Now that it’s over, let’s talk recession


It’s time. Early voting and absentee ballots are available. For traditionalists, Tuesday Nov. 4 is only a few days away. If you are registered, there is no excuse for not voting.

Yes, we all hear the sages tell us the election is wrapped up. The party that usually wins in this or that city will win again. This county is so red (blue), there’s no chance of change. The politicians who usually run this state will triumph again. There’s no point to participating in the election.

Wrong. The only way we can see political change is to vote and to vote in massive numbers. Politicians and the money that supports them will respond to our votes. They may not listen to you and me individually, but they will listen when you and I, our neighbors, our friends and our relatives all vote.

Voting is an efficient way of participating in a bloodless revolution. It takes persistence, year after year, to effect the changes we want.

In America, voting has always been an economic as well as a political statement. From the first years of this country, economics and politics have been intertwined. We established a navy to protect our commercial shipping. We built roads and subsidized railroads to facilitate trade and open new markets and lands. Part of the fight against slavery was to protect the wages of “free” labor.

Numbers talk. But we are silenced when we do not vote. Not voting is to endorse things as they are.

Fatalism is destroying our republic. Yet many who talk patriotism do not vote because they don’t believe their votes mean anything. They are blinded by the predictions of what might be the winning or losing of elections. They never see the changes they want because they do not understand that the margin of victory counts as much as who wins.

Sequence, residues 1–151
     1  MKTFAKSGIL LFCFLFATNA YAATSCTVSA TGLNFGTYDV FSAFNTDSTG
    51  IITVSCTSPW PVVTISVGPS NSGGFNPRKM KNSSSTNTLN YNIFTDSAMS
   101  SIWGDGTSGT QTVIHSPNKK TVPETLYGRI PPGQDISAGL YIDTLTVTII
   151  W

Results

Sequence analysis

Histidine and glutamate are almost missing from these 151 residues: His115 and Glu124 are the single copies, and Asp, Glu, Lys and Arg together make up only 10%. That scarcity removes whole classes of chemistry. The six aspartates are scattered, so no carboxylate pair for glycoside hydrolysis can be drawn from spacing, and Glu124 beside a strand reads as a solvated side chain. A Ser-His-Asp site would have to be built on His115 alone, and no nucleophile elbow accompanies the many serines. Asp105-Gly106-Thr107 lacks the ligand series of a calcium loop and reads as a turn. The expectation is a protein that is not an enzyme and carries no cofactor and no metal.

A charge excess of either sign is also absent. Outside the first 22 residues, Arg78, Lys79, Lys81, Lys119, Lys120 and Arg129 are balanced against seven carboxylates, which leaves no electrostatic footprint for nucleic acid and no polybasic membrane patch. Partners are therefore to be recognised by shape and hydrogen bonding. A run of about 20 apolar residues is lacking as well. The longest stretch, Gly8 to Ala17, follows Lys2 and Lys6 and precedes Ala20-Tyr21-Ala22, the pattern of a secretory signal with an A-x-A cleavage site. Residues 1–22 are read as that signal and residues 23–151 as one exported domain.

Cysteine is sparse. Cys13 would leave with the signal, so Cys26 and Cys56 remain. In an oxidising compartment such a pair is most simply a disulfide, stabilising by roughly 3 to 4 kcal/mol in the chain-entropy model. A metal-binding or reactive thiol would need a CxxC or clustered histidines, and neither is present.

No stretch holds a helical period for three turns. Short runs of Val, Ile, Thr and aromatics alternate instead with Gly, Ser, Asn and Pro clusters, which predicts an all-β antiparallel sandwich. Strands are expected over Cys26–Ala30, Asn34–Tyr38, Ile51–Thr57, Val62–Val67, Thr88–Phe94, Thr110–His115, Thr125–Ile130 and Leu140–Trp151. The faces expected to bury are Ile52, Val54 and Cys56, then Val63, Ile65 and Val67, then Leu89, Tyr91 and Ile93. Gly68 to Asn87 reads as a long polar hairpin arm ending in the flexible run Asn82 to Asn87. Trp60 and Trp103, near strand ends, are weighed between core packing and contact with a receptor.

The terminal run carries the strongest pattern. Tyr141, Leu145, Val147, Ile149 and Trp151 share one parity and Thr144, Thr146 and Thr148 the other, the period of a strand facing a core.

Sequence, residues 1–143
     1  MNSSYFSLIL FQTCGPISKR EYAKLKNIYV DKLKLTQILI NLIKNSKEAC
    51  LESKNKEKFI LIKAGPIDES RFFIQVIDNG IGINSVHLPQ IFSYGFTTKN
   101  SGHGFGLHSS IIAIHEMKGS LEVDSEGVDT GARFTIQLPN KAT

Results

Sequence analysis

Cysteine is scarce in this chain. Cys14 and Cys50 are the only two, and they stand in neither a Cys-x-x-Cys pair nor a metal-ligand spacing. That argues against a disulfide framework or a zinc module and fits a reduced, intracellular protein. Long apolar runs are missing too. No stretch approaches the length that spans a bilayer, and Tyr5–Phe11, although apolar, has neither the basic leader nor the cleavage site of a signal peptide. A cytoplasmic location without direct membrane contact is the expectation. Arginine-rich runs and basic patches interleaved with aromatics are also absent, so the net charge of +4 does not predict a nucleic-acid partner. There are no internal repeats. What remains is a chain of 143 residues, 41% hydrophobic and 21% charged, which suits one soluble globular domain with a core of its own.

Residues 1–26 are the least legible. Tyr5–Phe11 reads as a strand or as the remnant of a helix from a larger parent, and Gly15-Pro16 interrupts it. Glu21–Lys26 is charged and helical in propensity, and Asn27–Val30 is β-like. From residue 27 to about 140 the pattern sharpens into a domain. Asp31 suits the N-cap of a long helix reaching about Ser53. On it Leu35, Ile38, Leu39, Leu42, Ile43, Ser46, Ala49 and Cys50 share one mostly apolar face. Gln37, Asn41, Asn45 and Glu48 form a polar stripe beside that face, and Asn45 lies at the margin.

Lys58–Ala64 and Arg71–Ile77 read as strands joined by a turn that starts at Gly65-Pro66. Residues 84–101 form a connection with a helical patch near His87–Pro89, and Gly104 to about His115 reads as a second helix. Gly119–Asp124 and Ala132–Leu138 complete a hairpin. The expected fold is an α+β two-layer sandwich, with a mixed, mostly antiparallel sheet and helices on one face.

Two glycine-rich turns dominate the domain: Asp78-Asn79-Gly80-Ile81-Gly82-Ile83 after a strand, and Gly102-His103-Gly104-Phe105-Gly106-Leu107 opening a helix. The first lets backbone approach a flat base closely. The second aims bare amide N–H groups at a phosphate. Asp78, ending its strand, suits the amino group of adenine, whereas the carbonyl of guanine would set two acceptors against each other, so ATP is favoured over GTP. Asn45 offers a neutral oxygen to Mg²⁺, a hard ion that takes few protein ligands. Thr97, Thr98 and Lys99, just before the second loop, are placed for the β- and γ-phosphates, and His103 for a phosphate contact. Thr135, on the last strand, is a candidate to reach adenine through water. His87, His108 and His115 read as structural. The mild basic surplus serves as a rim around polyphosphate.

Maybe your candidate doesn’t win. But if the difference between his/her vote total and that of the winner is small, then the winner knows business as usual is threatened and next time the outcome could be very different.

Voting is not something we do once and walk away because little changed. Change is a process that may take years, but each election for each office counts. Each vote tells the politicians, the special interests, the moneyed people, the lobbyists and us how the people are feeling. Those who don’t vote are telling everyone they’re content with what is.

Every office on the ballot this year is important. We are asked to vote for congressional and state legislators. Three of the top Indiana state offices are up for grabs. All are important to our future.

Ask your neighbors, friends and relatives, “Are you a patriot? Do you care about the future of this country and state?” If they are cynical about what one vote means, tell them that every snowfall is made up of thousands of individual flakes, like them.

Mr. Marcus is an economist, writer, and speaker who may be reached at


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